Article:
Olympic gold-medal gymnast McKayla Maroney said Wednesday that she was repeatedly molested by Dr. Larry Nassar, who is accused of sexually assaulting more than 100 patients under the guise of medical treatments.
Maroney, a member of the Fierce Five squad that competed in the 2012 Summer Games, said she was inspired to go public by women posting accounts of harassment and abuse under the hashtag #metoo in response to the Harvey Weinstein scandal.
"Everyone's words over the past few days have been so inspiring to me. I know how hard it is to speak publicly about something so horrible, and so personal, because it's happened to me too," Maroney wrote on her verified Twitter account.
"People should know that this is not just happening in Hollywood. This is happening everywhere. Wherever there is a position of power, there seems to be potential for abuse. I had a dream to go to the Olympics, and the things that I had to endure to get there, were unnecessary, and disgusting."
Maroney, 21, said Nassar, then the team doctor for USA Gymnastics, began abusing her when she was 13 years old and didn't stop until she left the sport.
"It seemed whenever and wherever this man could find the chance, I was 'treated.' It happened in London before my team and I won the gold medal, and It happened before I won my Silver," she wrote.
"I thought I was going to die that night."
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"For me, the scariest night of my life happened when I was 15 years old. I had flown all day and night with the team to get to Tokyo. He'd given me a sleeping pill for the flight, and the next thing I know, I was all alone with him in his hotel room getting a 'treatment.' I thought I was going to die that night."
Nassar's attorney said she had no comment. In the past, Nasser has said the invasive procedures he used were medically sound.
He is in jail awaiting two trials on state charges alleging that he molested former patients and a family friend; he has pleaded not guilty. He is also awaiting sentencing after pleading guilty to a federal child pornography possession charge.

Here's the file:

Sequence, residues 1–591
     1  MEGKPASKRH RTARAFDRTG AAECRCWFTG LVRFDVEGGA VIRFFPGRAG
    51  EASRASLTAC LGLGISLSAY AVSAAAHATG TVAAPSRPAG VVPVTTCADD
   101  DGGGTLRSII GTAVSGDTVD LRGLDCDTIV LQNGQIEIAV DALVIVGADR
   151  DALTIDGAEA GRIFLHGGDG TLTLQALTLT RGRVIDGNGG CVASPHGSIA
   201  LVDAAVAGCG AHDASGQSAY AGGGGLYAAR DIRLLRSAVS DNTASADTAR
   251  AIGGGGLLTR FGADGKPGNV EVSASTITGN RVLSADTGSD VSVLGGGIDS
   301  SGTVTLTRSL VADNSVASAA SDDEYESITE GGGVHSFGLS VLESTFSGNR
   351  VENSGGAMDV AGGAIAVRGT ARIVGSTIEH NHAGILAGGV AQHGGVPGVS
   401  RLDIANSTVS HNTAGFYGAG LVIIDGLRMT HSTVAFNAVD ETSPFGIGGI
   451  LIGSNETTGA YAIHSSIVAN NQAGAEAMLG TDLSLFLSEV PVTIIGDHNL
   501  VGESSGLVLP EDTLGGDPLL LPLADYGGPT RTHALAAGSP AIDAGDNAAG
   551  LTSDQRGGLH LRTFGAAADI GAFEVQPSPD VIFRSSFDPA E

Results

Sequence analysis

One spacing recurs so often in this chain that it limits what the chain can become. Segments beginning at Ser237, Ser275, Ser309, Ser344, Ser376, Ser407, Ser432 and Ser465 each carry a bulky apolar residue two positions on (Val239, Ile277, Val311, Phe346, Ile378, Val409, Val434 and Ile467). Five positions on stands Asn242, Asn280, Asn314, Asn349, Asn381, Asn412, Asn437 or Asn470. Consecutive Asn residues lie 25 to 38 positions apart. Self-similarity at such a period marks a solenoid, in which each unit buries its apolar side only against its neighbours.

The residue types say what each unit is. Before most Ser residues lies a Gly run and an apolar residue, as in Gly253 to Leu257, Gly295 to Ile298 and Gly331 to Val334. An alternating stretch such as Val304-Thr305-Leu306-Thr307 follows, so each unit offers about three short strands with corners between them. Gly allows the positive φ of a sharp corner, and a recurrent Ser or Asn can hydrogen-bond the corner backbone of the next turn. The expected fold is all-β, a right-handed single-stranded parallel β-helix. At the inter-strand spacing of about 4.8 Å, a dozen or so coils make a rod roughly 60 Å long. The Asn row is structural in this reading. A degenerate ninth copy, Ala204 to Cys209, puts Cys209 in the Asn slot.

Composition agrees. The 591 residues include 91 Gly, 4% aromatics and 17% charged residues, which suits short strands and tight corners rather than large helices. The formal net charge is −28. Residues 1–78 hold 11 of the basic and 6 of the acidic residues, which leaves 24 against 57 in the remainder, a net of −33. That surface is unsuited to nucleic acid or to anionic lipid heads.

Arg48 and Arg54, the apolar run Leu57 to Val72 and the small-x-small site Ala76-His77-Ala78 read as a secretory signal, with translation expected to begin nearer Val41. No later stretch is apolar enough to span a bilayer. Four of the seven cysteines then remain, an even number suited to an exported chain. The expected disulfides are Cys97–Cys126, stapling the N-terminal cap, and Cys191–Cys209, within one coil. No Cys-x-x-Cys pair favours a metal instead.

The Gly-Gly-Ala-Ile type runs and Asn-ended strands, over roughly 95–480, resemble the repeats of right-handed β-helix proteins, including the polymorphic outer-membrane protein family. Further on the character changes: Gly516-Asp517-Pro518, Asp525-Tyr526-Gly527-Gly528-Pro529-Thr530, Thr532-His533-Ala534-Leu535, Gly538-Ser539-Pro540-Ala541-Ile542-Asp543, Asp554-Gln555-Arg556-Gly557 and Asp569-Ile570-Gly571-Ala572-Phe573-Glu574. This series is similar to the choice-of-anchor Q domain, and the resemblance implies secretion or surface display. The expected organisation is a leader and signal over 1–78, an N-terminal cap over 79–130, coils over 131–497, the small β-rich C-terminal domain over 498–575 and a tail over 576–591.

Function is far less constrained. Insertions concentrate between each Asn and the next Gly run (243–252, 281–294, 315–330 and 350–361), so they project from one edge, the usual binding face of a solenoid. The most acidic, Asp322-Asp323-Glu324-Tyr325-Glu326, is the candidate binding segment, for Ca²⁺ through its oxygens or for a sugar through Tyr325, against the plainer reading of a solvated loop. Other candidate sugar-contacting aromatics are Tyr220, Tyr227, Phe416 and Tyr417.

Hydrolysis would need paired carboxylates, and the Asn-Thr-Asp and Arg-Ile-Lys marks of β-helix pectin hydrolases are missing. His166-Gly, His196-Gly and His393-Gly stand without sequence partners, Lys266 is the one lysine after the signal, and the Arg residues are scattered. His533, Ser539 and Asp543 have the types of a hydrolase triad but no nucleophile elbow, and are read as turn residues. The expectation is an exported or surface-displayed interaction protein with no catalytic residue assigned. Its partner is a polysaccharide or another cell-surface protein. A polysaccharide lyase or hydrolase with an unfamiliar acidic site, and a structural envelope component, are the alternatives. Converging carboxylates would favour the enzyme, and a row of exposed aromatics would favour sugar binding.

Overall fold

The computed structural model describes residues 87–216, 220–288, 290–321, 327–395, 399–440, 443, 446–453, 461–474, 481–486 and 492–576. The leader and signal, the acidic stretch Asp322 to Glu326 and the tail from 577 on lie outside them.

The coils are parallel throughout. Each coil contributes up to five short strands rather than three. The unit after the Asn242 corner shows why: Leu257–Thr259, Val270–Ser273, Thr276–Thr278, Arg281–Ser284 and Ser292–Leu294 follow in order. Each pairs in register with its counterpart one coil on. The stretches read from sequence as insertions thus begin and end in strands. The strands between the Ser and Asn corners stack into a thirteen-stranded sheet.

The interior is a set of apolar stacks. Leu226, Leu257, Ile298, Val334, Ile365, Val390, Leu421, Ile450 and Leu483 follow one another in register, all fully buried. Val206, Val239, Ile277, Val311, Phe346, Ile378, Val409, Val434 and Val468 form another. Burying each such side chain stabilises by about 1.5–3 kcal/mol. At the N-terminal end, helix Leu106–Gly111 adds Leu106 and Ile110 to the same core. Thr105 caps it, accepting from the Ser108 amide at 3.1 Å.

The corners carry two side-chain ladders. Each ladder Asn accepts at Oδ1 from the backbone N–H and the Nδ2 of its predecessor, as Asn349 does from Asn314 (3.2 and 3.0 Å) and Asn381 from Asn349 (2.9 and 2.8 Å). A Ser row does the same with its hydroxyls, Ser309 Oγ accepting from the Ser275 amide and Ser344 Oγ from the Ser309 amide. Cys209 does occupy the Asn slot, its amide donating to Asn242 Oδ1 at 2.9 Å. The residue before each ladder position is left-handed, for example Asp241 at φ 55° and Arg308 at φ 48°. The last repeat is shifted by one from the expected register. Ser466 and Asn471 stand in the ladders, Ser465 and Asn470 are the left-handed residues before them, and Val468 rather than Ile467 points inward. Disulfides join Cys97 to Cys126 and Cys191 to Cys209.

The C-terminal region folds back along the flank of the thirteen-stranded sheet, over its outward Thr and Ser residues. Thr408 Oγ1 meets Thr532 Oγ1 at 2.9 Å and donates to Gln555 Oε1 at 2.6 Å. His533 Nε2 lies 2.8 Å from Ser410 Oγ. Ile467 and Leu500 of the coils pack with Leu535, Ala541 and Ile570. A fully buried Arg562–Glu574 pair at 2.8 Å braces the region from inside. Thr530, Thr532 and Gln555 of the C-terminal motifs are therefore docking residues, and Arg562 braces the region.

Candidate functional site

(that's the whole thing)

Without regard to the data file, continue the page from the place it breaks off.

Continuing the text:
More than 100 women have filed police complaints against Nassar, who is the target of dozens of lawsuits, which also name Michigan State University, where he had his sports medicine practice, and USA Gymnastics, the sport's national governing body.
Maroney — who charmed the public with her "not impressed" face after she won silver in the vault during the London games — is the highest-profile athlete to lodge accusations against Nassar, who treated many Olympic gymnasts.
Her 2012 teammates tweeted expressions of support. "100% support you. SO proud of you and your strength. Love you like a sister!!" Aly Raisman wrote. Jordyn Wieber wrote: "So sad and heartbreaking that this happened to you Mack. I'm here for you and I support you."
The gymnastics world has been rocked by the Nassar scandal and also by accusations that officials mishandled sexual abuse allegations against coaches for many years.
In a statement, USA Gymnastics said it admired Maroney's courage and had strengthened its policies and procedures for reporting abuse.
"We, like so many others, are outraged and disgusted by the conduct of which Larry Nassar is accused. We are sorry that any athlete has been harmed during her or his gymnastics career," the statement said.
The U.S. Olympic Committee said it was "sickened" by Nassar's alleged abuse and "heartbroken" by Maroney's account.
"Each doctor working with our athletes undergoes background checks including an evaluation of medical licensure actions. Unfortunately this predator was not identified by any organization during the time in question," the committee said.
In her post, Maroney called for victims to speak about abuse and for people and institutions in positions of power to be "held accountable for their inappropriate actions and behavior."
"Is it possible to put an end to this type of abuse? Is it possible for survivors to speak out, without putting careers, and dreams in jeopardy? I hope so," she wrote.
"Our silence has given the wrong people power for too long, and it's time to take our power back.
"And remember, it's never too late to speak up."
Tracy Connor is a senior writer for NBC News. She started this role in December, 2012. Connor is responsible for reporting and writing breaking news, features and enterprise stories for NBCNews.com. Connor joined NBC News from the New York Daily News, where she was a senior writer covering a broad range of news and supervising the health and immigration beats. Prior to that she was an assistant city editor who oversaw breaking news and the courts and entertainment beats.
Earlier, Connor was a staff writer at the New York Post, United Press International and Brooklyn Paper Publications.
Connor has won numerous awards from journalism organizations including the Deadline Club and the New York Press Club.